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TitleCryosat delivers monthly and inter-annual surface height change for Arctic ice caps
AuthorGray, L; Burgess, DORCID logo; Dunse, T; Langley, K; Copland, L
SourceAmerican Geophysical Union, annual fall meeting, abstracts; 2014 p. 1
LinksOnline - En ligne
Alt SeriesEarth Sciences Sector, Contribution Series 20140360
PublisherAmerican Geophysical Union
MeetingAmerican Geophysical Union, Fall meeting; San Fransisco; CA; December 15-19, 2014
Mediaon-line; digital
File formathtml
AreaBarnes Ice Cap; Baffin Island
Lat/Long WENS-72.0000 -64.0000 68.0000 64.0000
Subjectsenvironmental geology; surficial geology/geomorphology; Nature and Environment; ice; ice conditions; ice thickness; climate effects; climate, arctic; precipitation; snow
ProgramClimate Change Geoscience Essential Climate Variable Monitoring
Released2014 01 01
AbstractThe Cryosat (CS) radar altimeter provides estimates of surface height change, including summer melt and winter snow accumulation, from some Arctic ice caps. The Barnes Ice Cap on Baffin Island, Canada represents the most straightforward situation; essentially snow over ice at all elevations. As illustrated below, the average summer height losses on Barnes were 1.69 ± .36 m (2011), 2.39 ± .36 m (2012), and 1.44 ± .37 m (2013), values which were not balanced by the winter snow accumulation; 0.77 ± .39 m (2011/12), 0.93 ± .33 m (2012/13) and 1.19 ± .43 m (2013/14). However, results from most Arctic ice caps are more complicated: For example, Austfonna in the Eurasian Arctic has a maritime climate with relatively high accumulation and winter conditions that can vary from very cold to rain. Consequently, the distribution of different snow and ice zones varies with position, elevation and time. This leads to a complicated and varying bias between the heights estimated from the radar altimeter waveforms and the physical surface. Nevertheless, under melting conditions the radar returns are dominated by surface backscatter so that observations at the beginning and end of each melt season can provide estimates of net winter accumulation and summer height loss. Results for two Cryosat calibration-validation sites; the Devon Ice Cap in Canada and Austfonna on Svalbard, will be compared with surface and airborne data. Also, estimates of the height and volume change associated with the current surge of basin 3 in Austfonna, which began in earnest in the summer of 2012, will be shown.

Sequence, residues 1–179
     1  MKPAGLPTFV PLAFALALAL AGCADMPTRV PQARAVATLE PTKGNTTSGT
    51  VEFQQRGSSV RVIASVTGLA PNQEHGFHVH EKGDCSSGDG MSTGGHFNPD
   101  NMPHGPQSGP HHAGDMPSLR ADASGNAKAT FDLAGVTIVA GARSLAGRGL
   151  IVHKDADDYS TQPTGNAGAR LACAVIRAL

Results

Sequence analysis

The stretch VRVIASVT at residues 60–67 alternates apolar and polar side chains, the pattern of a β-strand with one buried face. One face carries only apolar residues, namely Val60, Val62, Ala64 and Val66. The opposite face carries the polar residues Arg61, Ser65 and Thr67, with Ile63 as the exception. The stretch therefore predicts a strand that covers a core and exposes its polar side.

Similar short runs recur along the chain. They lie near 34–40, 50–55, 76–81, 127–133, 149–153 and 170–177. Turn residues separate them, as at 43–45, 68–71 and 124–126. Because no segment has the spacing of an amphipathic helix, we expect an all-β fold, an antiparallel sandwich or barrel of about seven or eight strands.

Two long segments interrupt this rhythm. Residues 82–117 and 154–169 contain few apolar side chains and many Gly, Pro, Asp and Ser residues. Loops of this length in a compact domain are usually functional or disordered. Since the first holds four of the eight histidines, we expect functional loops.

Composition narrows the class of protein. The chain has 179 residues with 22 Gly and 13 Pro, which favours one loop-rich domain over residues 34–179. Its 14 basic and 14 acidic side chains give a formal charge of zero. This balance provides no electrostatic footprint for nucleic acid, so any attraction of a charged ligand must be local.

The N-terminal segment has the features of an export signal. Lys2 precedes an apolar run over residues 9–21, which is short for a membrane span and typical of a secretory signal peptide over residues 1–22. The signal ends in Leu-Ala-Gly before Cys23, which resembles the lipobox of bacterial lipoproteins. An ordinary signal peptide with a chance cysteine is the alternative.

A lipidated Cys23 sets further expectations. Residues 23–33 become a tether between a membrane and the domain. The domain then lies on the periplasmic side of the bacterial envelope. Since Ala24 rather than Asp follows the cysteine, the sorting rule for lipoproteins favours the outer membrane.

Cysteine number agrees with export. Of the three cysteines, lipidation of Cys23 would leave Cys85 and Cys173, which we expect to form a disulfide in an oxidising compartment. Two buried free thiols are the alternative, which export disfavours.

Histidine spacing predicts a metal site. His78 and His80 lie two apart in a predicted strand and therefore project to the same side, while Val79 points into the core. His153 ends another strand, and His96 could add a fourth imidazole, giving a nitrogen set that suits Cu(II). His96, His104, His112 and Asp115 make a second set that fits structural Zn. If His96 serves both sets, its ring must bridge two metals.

Summary(Plain Language Summary, not published)
Preliminary analysis of data from the Cryosat radar altimeter reveal significant annual height changes of some large ice caps in the Canadian high Arctic. We also demonstrate that the frequent coverage by Cryosat over high latitude ice caps allows us to detect seasonal changes in ice mass, and therefore to discriminate between mass loss (summer melting) and mass gain (winter accumulation).

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